Patrica Pardun was born in Independence, Iowa on October 23, 1924 to Allen and Mattice Smith. She attended the University of Dubuque for one year and the University of Iowa for two years. She was elected to her first political post, precinct committeewoman of Harrison Township in Benton Count, Iowa in 1953. In 1954 she became vice-chair of the Benton County Republican Party. Pardun held this post until becoming a member of the Republican State Central committee in 1959. In 1967, Patricia Pardun was elected vice-chair of the Republican State Central Committee, a position she held until February 1973. She served as a delegate to the Republican National Conventions in 1968, 1972, and 1976. During and after her years in office,Patricia Pardun was very active in Republican women's organizations, Farm Bureau women's organizations, the American Legion Auxiliary, and the Parent Teacher Association.
The Patricia Pardun papers measure 2.1 linear feetand date from 1959 to 1978, with only a few items extending beyond 1975. Patricia Pardun was an important figure in Iowa Republican Party politics from 1959-1976. Although the collection is rich in information about the Iowa Republican Party and the national Republican Party from 1966 to 1973, there is little in the papers pertaining to Patricia Pardun's official duties during her career and very little of a biographical nature. Researchers should examine the newspaper clippings for information outlining Patricia Pardun's political career. The Patricia Pardun papers are arranged in seven series: Correspondence and Social Information, National Republican Party, Iowa Republican Party, Women in Politics and the Republican Party,Projects and Committees, and Slides, Photographs, and Artifacts.
The Correspondence files contain a copy of a letter written to Patricia Pardun by Richard Nixon duringthe 1968 presidential campaign, as well as letters from Mary Louise Smith, Governor Robert D. Ray, Lt. Governor Arthur Neu, Congressmen H.R. Gross and Wiley Mayne, Iowa Attorney General Richard C. Turner, and Iowa Secretary of State Melvyn Synhorst, among others. Most of these letters pertain to Pardun's resignation as vice-chair ofthe Republican State Central Committee in 1973.
The papers concerning the National Republican Party are mostly made up of convention information from 1968, 1972, and 1976 and publications from party headquarters. These publications include The History of the Republican Party 1854-1968, published by the National Committee in 1968, and various party pamphlets.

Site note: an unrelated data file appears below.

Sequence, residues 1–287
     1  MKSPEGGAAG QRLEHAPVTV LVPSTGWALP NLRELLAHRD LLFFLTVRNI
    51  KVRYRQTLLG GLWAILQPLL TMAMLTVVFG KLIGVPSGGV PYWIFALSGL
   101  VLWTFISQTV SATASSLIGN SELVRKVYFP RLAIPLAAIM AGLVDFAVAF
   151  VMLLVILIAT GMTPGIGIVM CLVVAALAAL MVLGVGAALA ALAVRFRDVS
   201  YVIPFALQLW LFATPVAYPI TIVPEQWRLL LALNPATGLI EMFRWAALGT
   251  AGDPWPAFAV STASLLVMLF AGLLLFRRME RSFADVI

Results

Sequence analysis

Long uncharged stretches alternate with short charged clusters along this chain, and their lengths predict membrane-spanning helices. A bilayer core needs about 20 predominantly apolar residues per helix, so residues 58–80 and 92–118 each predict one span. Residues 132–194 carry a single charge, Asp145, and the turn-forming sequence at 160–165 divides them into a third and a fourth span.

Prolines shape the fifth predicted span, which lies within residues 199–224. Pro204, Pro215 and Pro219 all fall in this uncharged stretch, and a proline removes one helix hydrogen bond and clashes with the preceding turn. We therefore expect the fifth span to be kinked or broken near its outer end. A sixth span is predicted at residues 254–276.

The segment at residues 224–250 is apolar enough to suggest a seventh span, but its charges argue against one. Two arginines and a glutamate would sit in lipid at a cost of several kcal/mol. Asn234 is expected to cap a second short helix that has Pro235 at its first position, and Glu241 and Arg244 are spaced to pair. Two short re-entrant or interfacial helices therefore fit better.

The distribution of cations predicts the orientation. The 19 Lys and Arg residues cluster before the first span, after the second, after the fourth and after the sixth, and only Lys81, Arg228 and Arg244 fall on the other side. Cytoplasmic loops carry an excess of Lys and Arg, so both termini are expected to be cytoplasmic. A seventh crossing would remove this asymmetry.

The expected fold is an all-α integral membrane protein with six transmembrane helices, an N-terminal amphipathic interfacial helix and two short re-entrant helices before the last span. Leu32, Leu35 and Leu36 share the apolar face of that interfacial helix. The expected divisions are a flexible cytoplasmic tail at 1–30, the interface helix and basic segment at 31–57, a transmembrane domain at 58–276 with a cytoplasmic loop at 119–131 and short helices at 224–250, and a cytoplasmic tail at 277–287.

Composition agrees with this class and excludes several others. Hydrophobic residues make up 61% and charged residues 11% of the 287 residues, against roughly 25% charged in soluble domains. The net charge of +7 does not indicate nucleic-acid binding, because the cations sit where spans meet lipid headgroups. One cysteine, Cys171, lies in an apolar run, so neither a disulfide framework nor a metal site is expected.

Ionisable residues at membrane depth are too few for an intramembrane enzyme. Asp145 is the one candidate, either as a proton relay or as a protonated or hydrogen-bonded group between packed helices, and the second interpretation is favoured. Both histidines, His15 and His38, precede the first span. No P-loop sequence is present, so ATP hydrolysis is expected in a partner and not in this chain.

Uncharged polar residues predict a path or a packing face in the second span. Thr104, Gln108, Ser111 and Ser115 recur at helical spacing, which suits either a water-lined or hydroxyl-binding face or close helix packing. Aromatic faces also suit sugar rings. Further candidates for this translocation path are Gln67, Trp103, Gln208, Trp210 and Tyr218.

The bulk of the collection contains information on the Iowa Republican Party. This portion of the collection contains state party platforms, information about state conventions from 1954 to 1974,copies of the Iowa party newsletter, State finance committee information, andinformation concerning party members in each district and county. Included in thie portion of the collectionare copies of the Iowa Republican County Handbook from 1962 and 1963, state party organization lists from 1970 to 1973, and minutes from state central committee meetings from February 1969 and 1971 to 1973. This information would be particularly useful to researchers interested in Iowa party politics and activities of the Republican Party at the state and local levels.
An important segment of this collection included information concerning Women in Politics and the Republican Party . Specifically, this portion includes information on the Women's Divisionof the Republican National Committee, the National Federation of Republican Women, and the Iowa Council of Republican Women. Various handbooks from each of these groups are included in this portion of the collection. A major asset to this collection is the booklet, Women in Public Service , published in August 1971 by the Women's Division of the Republican National Committee. This booklet contains information on women in the Republican Party as well as women of all parties in Congress (through 1971). The report also lists the women in the Nixon presidential administration and women in federal agencies like the Department of Agriculture. Over half of the report is a state by state listing of all women in state office (elected and appointed), which includes selected county officials. This publication is very rich in data that would be easily converted into statistics concerning women in politics.
The Projects and Committees series contains information regarding activities Patricia Pardun was involved in within the Republican Party. These activities include, but are not limited to: legislative campaigns,Absentee and Special Ballot projects, voter registration projects, and "Opportunities Unlimited" conventions in Wisconsin and Iowa. Specific items contained here are mainly propaganda items such as fliers, booklets, pamphlets, and informative cards. Information concerning projects such as the Absentee and Special Ballot projects contain propaganda items as well as meeting notes and legislative information.
At the end of the collection are various Slides, Photographs, and Artifacts . The slides are all of Patricia Pardun speaking and attending a conference. The photographs include Pardun with Mary Louise Smith, Pat Nixon, Billie Ray, Senator Bourke Hickenlooper, Senator Jack Miller, and Congressman John Kyl. The artifacts mostly consist of nametags and ribbons from various conventions and pins and items relating to Pardun's careerin the Republican Party.
Alternate Extent Statement: Photographs in box 5.
Access: The papers are open for research.
Use: Copyright held by the donor has been transferred to The University of Iowa.
Acquisition: The papers (donor no. 25) were donated by Patricia Pardun in 1985 and 1998.
Preferred Citation: Patricia J. Pardun papers, Iowa Women's Archives, The University of Iowa Libraries, Iowa City.